“I just want my son to love school again,” said a mom at a recent parent information meeting. She went on to share that the summer before her son began kindergarten, he was so excited about starting school that he asked repeatedly, “Can I start today?”
That’s how learning should feel! Like an adventure that we just can’t wait to start!
But this boy, who started off so excited, now marks off each day on the calendar until he can get to a day with no school. He counted down the days to the end of his second grade year in relief.
What saps the excitement out of learning? The same thing that saps the excitement out of anything – lack of success.
It is hard for parents, friends, relatives, and even some teachers to understand how a smart child can struggle in school. After all, everyone does it and its not rocket science, right?
But learning requires tools. Just as a carpenter has sets of specific tools to create and build with, are there whole sets of underlying physical and mental tools that need to be in place in order to learn comfortably and effectively in school. When any of these underlying tools, or learning skills, are weak, it can cause students to have to work harder and longer than expected, and often with lesser results.
Children and teens spend a huge amount of time in school. Struggling students may find ways to compensate for their challenges, but after awhile, those compensations take their toll in time, effort, energy, attention, and motivation.
A carpenter wouldn’t dream of using a screwdriver to do a job that requires a hammer. So why would we expect a student to perform in school without the right tools?
I think the real answer to this question is that parents and most educators simply don’t understand what the underlying learning skills are and more importantly that they can be developed.
We tend to accept that students have dyslexia, auditory or visual processing disorders, attention deficits, and learning disabilities, and try to support them and give them “work-arounds,” but you rarely hear people talking about actually correcting these challenges.
However, it is absolutely possible for a smart but struggling student to learn to love school again. The underlying skills that support learning can be developed. Like the carpenter, they can access the right tools for the job.
We have worked with thousands of children and adults over the past 30 years, developing the needed underlying learning skills and remediating the affected reading, writing, spelling, or math skills. We know it’s possible, and the brain research over the past 25 years proves that the brain can literally re-wire.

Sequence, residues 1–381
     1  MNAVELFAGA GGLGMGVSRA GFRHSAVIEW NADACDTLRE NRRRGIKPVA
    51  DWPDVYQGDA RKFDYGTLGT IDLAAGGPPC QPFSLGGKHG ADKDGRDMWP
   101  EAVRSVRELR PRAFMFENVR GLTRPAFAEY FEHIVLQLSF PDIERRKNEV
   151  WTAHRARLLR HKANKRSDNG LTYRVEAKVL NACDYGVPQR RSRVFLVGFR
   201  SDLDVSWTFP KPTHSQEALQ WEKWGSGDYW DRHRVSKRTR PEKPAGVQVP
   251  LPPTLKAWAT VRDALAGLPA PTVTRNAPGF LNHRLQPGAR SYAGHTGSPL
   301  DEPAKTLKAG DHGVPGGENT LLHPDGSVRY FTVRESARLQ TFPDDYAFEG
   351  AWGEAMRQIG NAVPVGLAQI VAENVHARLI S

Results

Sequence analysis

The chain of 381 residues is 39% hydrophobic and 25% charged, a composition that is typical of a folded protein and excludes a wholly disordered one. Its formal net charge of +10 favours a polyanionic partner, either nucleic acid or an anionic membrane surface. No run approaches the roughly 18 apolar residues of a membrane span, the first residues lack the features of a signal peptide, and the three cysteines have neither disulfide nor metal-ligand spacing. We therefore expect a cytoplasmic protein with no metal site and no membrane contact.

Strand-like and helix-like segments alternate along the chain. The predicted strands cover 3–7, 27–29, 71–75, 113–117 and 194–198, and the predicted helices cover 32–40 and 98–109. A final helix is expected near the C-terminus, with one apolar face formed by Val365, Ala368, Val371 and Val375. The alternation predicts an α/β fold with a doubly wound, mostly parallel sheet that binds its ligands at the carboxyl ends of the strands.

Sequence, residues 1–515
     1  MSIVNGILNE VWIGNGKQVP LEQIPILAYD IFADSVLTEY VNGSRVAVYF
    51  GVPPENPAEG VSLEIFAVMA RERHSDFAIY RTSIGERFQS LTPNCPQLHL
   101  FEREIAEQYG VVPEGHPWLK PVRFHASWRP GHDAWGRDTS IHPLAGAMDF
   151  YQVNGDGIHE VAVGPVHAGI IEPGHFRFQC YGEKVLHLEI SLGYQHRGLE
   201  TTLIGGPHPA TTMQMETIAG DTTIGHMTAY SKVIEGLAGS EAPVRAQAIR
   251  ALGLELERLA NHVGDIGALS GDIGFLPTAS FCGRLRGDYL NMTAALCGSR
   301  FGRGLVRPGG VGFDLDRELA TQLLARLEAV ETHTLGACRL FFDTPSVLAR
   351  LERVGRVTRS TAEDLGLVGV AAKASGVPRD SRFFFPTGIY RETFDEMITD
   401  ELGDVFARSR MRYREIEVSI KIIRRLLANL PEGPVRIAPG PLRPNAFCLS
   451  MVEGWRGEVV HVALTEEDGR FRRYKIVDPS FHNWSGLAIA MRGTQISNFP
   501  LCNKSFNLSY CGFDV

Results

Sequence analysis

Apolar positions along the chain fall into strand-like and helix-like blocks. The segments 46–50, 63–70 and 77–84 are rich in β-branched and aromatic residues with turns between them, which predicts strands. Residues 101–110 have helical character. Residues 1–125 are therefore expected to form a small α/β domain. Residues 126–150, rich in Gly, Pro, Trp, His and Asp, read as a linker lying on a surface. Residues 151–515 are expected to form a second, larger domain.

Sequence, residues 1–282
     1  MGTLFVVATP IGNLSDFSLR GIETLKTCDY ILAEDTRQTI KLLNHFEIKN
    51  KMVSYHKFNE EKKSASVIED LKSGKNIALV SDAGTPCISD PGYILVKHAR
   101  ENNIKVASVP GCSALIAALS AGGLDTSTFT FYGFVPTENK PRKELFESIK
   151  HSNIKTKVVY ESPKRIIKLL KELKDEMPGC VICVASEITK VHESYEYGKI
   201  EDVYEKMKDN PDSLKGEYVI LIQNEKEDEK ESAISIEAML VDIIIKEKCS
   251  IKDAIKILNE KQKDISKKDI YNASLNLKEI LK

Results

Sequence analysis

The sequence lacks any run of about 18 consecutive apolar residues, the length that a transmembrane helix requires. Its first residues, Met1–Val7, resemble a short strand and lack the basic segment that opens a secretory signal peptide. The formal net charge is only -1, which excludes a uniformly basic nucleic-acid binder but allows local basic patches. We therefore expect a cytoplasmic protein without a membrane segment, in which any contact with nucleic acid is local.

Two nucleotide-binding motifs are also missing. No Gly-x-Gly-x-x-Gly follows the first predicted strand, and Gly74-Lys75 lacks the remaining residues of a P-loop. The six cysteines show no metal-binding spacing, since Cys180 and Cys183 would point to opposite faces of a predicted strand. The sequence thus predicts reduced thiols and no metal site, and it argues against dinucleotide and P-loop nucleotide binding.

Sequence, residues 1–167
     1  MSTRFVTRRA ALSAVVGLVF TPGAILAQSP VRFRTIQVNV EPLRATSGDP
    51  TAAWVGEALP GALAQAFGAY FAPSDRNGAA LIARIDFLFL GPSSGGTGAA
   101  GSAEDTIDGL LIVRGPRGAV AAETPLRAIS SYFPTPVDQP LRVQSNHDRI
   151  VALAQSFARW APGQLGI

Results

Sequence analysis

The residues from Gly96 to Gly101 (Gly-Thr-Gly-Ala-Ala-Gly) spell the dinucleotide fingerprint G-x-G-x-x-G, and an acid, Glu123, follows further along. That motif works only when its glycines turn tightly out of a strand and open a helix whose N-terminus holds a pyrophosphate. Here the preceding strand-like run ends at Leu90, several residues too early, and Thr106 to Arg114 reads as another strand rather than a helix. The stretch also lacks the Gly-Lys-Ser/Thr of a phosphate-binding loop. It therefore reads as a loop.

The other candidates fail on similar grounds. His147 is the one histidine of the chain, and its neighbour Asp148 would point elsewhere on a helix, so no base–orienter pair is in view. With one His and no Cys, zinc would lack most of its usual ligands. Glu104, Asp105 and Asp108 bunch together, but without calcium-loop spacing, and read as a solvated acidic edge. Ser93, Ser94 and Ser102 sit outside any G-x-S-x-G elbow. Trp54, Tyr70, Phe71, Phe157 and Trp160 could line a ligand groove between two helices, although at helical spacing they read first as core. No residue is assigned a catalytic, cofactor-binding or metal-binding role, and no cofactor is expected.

I remember working with a boy with severe dyslexia and attention challenges when he was in the 3rd grade. It was not a quick fix – we worked with him from 3rd to 6th grade – but when he went on to junior high, no one could believe that he had struggled in school. By high school, he was able to play sports and independently handle honors classes.
As an elementary student, Kris hated school and tried to avoid it at all costs, but as his learning skills and reading changed, he found that he actually liked learning! When I ran into his mom a few years ago, she shared that Kris is an avid student and had just gone back to school for a second maters degree.
We want students to love school again. And we know that it is possible!
Do you or your child struggle with reading, writing, spelling, math, attention? These challenges can be changed. While there are no simple, overnight solutions, most learning and attention challenges can be dramatically improved or completely corrected through developing the weak underlying skills and remediating the affected academic areas. Ready for a change??
JOIN US for a FREE Information Night.
For information and RSVP go to www.learningdisability.com
“Helping smart but struggling students dramatically improve or completely correct their learning and attention challenges by developing the underlying learning skills that are not supporting the learner well enough.”
We serve children and adults with diagnosed or undiagnosed learning and attention challenges including learning disabilities, dyslexia, ADHD, auditory processing disorders, and autism spectrum disorders.
Jill Stowell, M.S.
Author: At Wit’s End A Parent’s Guide to Ending the Struggle Tears, and Turmoil of Learning Disabilities
Founder and Executive Director – Stowell Learning Centers
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